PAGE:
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ROMANS viii. 19_22:

« The earnest expectation of the Creature waileth for the

manifestation of the sons of God. 66 For the Creature was made subject to vanity, not willingly,

but by reason of him that subjected it. " Yet in hope that the Creature itself also shall be delivered

from the bondage of corruption, into the glorious liberty

of the sons of God. “ For we know that the whole Creation groaneth, and tra

daileth in pain together until now.

1. NOTHING is more sure, than that as “the Lord is loving to every man," so “his mercy is over all his works;" all that have sense, all that are capable of pleasure or pain, of happiness or misery. In consequence of this, “ he openeth his hand and filleth all things living with plenteousness: he prepareth food for cattle,” as well as “ herbs for the children of men." He provideth for the fowls of the air, “ feeding the young ravens when they cry unto him." “ He sendeth the springs into the rivers, that run among the hills,” to give drink to every beast of the field," and that even the wild asses may quench their thirst.” And suitably to this, he directs us to be tender of even meaner creatures, to shew mercy to these also. "Thou shalt not muzzle the ox that treadeth out the corn,” (a custom which is observed in the eastern countries even to this day.) And this is by no means contradicted by St. Paul's question, “ Doth God take care for oxen?". Without doubt he does. We cannot deny it, without flatly contradicting his word. The plain meaning of the Apostle is, Is this all that is implied in the text ? Hath it not a farther meaning ?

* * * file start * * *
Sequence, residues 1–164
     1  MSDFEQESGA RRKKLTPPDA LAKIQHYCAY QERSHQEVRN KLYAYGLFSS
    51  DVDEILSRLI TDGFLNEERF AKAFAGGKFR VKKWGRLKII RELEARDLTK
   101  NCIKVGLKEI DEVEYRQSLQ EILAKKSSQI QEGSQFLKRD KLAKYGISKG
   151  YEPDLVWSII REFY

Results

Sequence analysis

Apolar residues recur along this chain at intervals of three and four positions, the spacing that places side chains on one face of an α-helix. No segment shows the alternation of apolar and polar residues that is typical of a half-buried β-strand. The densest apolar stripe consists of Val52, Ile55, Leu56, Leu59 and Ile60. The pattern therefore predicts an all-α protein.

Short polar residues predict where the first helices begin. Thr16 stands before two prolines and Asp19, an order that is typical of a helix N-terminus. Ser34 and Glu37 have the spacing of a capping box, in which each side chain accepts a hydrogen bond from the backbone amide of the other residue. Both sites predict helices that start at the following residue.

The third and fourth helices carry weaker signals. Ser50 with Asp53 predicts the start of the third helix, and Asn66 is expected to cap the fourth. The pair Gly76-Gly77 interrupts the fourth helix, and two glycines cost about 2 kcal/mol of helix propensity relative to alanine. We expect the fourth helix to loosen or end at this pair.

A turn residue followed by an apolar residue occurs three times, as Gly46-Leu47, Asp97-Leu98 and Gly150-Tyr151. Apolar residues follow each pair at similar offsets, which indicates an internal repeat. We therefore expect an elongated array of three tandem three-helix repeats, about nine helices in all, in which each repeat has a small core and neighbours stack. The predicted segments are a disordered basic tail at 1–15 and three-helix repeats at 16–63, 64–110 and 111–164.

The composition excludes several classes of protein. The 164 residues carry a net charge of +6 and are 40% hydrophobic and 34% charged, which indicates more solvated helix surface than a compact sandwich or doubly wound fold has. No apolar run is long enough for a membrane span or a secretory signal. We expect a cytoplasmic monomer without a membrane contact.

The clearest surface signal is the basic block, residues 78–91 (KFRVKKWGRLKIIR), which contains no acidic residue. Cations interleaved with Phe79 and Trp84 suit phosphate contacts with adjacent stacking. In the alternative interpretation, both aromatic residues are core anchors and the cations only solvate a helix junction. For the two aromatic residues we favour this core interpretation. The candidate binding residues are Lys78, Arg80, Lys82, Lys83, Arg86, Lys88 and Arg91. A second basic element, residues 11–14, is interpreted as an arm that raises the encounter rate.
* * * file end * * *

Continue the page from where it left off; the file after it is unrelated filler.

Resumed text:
Does it not teach us, We are to feed the bodies of those whom we desire to feed our souls? Mean time, it is certain, God “giveth grass for the cattle,” as well as “ herbs for the use of men.”

2. But how are these scriptures reconcileable to the present state of things? How are they consistent with what we daily see round about us, in every part of the creation ? If the Creator and Father of every living thing, is rich in mercy towards all: if he does not overlook or despise any of the works of his own hands : if he wills even the meanest of them to be happy, according to their degree: how comes it to pass, that such a complication of evils oppresses, yea, overwhelms them? How is it, that misery of all kinds overspreads the face of the earth ?

This is a question which has puzzled the wisest philosophers in all ages. And it cannot be answered without having recourse to the Oracles of God. But taking these for our guide, we may enquire,

I. What was the original state of the Brute Creation ? II. In what state is it at present ? And, III. In what state will it be, at the manifestation of the children of God?